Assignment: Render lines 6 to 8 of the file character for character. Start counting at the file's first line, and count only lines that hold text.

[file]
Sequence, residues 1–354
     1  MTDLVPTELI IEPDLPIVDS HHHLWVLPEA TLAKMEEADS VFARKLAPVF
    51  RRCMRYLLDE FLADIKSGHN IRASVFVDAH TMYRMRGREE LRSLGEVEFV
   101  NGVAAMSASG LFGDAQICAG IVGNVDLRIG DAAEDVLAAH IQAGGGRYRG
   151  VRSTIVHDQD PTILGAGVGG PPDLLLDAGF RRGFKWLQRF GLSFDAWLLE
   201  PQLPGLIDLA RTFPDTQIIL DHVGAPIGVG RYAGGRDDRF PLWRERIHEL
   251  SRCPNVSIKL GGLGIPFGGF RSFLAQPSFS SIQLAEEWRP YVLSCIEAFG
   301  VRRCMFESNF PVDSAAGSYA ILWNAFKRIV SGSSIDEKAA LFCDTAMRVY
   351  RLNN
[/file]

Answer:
   201  PQLPGLIDLA RTFPDTQIIL DHVGAPIGVG RYAGGRDDRF PLWRERIHEL
   251  SRCPNVSIKL GGLGIPFGGF RSFLAQPSFS SIQLAEEWRP YVLSCIEAFG
   301  VRRCMFESNF PVDSAAGSYA ILWNAFKRIV SGSSIDEKAA LFCDTAMRVY